Other animals include Buffalos, Defassa waterbuck, Bushbuck, Oribi, warthog, hippo, Topis, Southern Reedbuck, Slender, Banded, and Dwarf Mongoose. Leopards are present, although mostly seen on night game drives. Here you can enjoy birding, game drives and game walks in the company of an expert guide who will reveal the secrets of the flora and fauna of the park. Boat cruises on the lake reveal a host of hippos and birds – like the African finfoot – that will leave you with a fantastic overview of this fascinating ecosystem.
Wild and remote Kidepo Valley National Park ranks among Africa’s finest wildernesses and makes for exceptional wildlife safaris in Uganda. The 1442 km2 park is hidden away in the lost semi-arid valleys in the extreme north-eastern corner of Uganda. Its rolling, short-grass savannah is ringed by mountains and cut by rocky ridges.
Uganda wildlife here includes 475 bird species and 77 species of mammals with many species that are found nowhere else in Uganda. These include Cheetahs, Bat-eared foxes, Aardwolves, Caracals, Greater kudus, lesser kudus, Black-backed jackals, Mountain reedbucks and Common Ostriches.
Kidepo also has a healthy population of the Big 5 (except for a lack of Rhino). Other wildlife includes Rothschild’s giraffe, Burchell’s zebras, Patas monkeys, Jackson’s hartebeests, Bohor reedbucks, Oribi, Common Elands, Uganda kobs, Klipspringer and dik-dik. As the most remote of all Uganda safari parks, Kidepo receives less than 10 visitors per day. This means you have the land of Eden for yourself to view a plethora of games on game drives and nature walks.
Semuliki National Park is unique from other Uganda wildlife safari parks. It is an ancient forest that covers an area of 220 km2 on the DRC border, close to Kibale National Park and the Mountains of the Moon. Semuliki contains East Africa’s only tract of true lowland tropical rainforest and is contiguous with the Congo’s huge Ituri forest. The park is one of the richest areas of flora and fauna diversity in Africa, especially for birds and butterflies. About 441 bird species (41% of Uganda’s total bird species) are found here including 35 Congo-Guinea biome species found nowhere else in East Africa.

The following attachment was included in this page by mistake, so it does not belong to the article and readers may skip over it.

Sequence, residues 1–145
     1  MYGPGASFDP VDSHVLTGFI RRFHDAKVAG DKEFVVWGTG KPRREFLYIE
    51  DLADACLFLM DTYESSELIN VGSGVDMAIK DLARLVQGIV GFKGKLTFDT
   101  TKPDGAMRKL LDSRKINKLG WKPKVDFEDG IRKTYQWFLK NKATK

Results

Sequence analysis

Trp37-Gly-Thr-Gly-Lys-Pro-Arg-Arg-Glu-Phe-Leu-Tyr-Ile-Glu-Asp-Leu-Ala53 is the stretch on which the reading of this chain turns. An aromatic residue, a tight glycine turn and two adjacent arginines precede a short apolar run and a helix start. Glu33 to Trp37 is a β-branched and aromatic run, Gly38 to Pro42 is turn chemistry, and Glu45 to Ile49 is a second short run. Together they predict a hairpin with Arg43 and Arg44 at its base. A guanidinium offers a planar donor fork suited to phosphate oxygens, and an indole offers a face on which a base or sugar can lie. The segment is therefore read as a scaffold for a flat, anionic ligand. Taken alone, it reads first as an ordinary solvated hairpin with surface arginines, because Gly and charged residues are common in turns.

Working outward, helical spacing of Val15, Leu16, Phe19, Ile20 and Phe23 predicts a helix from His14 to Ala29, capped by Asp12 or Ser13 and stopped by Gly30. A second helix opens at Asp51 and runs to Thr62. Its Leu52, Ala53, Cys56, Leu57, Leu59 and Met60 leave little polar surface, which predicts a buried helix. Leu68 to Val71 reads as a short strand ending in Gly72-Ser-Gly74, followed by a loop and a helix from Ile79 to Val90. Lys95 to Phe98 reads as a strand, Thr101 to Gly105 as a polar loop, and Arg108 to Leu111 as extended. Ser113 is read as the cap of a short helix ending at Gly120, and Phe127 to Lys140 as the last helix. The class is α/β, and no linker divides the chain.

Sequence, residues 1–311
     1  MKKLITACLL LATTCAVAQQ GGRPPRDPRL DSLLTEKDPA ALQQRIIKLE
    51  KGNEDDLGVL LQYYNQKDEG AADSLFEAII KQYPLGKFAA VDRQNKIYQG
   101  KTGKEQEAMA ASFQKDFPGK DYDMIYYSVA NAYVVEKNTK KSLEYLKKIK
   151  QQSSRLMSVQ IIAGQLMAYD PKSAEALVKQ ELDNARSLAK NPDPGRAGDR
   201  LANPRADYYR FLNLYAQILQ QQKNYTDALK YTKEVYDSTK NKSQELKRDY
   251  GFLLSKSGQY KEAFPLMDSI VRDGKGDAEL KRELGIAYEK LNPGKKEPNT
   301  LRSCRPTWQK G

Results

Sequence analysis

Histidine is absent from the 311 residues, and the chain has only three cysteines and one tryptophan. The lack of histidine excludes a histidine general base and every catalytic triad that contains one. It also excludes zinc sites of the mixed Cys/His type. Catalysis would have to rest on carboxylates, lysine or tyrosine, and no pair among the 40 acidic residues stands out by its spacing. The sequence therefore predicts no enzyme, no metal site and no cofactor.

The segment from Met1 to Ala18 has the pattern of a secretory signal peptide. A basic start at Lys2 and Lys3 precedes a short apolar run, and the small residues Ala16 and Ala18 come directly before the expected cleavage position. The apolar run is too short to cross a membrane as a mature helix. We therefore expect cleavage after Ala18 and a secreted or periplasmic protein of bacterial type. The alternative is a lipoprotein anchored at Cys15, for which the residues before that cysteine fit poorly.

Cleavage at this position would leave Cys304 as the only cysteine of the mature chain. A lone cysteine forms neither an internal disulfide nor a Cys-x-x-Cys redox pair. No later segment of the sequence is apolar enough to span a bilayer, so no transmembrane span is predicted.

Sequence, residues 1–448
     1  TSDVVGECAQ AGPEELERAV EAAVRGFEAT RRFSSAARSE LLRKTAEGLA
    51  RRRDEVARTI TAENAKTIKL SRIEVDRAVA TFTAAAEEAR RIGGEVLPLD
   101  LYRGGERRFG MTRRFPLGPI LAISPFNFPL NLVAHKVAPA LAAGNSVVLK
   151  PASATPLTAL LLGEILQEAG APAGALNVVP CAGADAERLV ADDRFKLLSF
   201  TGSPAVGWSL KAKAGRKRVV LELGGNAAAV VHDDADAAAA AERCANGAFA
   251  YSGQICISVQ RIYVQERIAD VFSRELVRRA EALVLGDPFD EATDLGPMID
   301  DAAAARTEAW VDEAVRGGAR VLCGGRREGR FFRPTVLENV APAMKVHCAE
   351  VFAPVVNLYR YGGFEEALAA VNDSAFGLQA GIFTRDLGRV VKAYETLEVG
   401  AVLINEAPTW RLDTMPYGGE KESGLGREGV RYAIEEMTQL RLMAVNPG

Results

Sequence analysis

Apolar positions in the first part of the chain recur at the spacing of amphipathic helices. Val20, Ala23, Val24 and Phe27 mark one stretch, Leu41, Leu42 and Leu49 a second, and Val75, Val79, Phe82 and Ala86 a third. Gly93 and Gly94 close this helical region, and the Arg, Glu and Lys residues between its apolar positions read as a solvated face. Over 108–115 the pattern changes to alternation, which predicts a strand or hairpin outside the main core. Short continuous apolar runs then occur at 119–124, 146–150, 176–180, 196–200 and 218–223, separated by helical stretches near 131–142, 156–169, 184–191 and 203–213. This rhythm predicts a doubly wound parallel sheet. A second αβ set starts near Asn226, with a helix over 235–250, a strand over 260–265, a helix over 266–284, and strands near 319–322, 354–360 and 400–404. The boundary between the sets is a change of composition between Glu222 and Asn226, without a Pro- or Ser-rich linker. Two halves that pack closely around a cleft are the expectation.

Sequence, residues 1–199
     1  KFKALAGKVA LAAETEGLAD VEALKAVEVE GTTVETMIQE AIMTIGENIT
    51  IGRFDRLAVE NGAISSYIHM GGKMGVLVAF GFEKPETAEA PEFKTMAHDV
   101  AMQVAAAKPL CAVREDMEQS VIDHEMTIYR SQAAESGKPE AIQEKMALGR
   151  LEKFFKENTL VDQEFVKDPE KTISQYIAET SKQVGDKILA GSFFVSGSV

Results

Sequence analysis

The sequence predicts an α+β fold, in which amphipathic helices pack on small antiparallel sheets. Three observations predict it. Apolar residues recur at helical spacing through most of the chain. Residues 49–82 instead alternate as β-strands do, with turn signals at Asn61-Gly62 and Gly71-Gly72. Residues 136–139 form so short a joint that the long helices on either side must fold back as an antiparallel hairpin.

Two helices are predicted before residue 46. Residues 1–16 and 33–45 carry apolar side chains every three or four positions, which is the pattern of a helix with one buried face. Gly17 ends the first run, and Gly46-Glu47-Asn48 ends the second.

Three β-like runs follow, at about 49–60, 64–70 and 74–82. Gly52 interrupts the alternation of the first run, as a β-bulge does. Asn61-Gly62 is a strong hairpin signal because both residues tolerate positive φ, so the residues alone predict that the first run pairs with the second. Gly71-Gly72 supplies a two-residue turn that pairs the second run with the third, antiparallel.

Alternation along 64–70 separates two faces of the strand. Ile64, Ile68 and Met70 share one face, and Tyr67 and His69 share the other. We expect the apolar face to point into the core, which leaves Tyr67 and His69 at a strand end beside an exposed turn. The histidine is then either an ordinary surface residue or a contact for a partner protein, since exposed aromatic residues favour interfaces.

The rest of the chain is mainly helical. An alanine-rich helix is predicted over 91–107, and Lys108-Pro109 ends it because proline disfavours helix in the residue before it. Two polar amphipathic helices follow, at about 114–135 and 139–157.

Semuliki also has some special mammal species such as Olive baboons, Chimpanzees, red colobus, Mona, Black-and-white colobus, Red-tailed, Vervet, and Blue Monkeys, as well as Elephant, Buffalo, Hippos, Civet, Flying Squirrels, Duikers, and Bushpig. It is also home to rare Water chevrotain a superficially duiker-like ungulate that shares many structural features with pigs and is considered ancestral to all modern-day antelopes, deer, cows, and giraffes.
In 2018, motion-sensor camera traps set by scientists from UK’s Chester Zoo snapped the first East African record of the lowland bongo a handsome nocturnal spiral-horned antelope associated with forests in western and central Africa.
The Rwenzori Mountains National Park was declared a World Heritage Site in 1994 by UNESCO because of its stunning beauty and biodiversity. Many Uganda wildlife safari tour undertakers are fascinated by the Rwenzori Mountains, one of Africa’s tallest mountain ranges with several peaks which are permanently covered by snow. The range which isn’t volcanic stretches for about 120km by 65km wide and is a haven for an extraordinary number of rare plants and animals and new examples of both are still being discovered.
The Rwenzori Mountains are presumed to be the Mountains of the Moon, described in AD 150 by Ptolemy, who proclaimed them to be the source of the Nile River. The three highest peaks in the range are Margherita (5109m), Alexandria (5083m) and Albert (5087m), all on Mt Stanley, the third-highest mountain in Africa.
Two mammals are endemic to the range, the Rwenzori climbing mouse and the Rwenzori red duiker, as are 19 of the 241 known bird species. There’s thick tropical rainforest on the lower slopes transitioning to the bizarre afro-alpine moorland on higher reaches.
Many travellers come here to climb the majestic 4,321-meter-high extinct volcano for which this national park is named, but Mount Elgon National Park offers much more for non-mountain climbers.
During a Uganda safari tour, you will find amazing scenery and rare Uganda wildlife during your day hikes with the prospect of seeing Rock hyrax, Tree hyrax, Elephant, Buffalo, Defassa waterbuck, Oribi, Bushbuck, Duiker, Forest hog, Bushpig, Leopard, Civet, Serval cats, spotted hyena, Aardvark, Rodents, Black-and-white colobus monkey, Olive baboon, Red-tailed monkey, Vervet monkey, De Brazza’s monkey, Blue monkey and tree squirrel.
Also, there are more than 300 bird species including 40 restricted-range species and 56 of the 87 Afrotropical highland biome species notably the Moorland Francolin, Moustached Green Tinkerbird and Alpine Chat. Caves, gorges, calderas, hot springs, and the spectacular Sipi Falls are all-natural attractions here that you may enjoy exploring. You can also tour coffee plantations and fish for trout on the Sipi River.